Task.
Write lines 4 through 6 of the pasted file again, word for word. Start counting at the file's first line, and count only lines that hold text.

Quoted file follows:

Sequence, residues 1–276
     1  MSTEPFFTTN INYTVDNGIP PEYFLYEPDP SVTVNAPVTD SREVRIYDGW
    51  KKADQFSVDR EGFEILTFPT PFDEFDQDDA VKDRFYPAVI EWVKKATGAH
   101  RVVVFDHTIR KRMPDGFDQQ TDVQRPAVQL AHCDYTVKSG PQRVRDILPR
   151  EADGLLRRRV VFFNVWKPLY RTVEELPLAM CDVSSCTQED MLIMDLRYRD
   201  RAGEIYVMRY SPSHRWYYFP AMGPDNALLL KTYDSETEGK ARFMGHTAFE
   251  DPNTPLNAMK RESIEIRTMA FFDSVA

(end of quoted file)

   101  RVVVFDHTIR KRMPDGFDQQ TDVQRPAVQL AHCDYTVKSG PQRVRDILPR
   151  EADGLLRRRV VFFNVWKPLY RTVEELPLAM CDVSSCTQED MLIMDLRYRD
   201  RAGEIYVMRY SPSHRWYYFP AMGPDNALLL KTYDSETEGK ARFMGHTAFE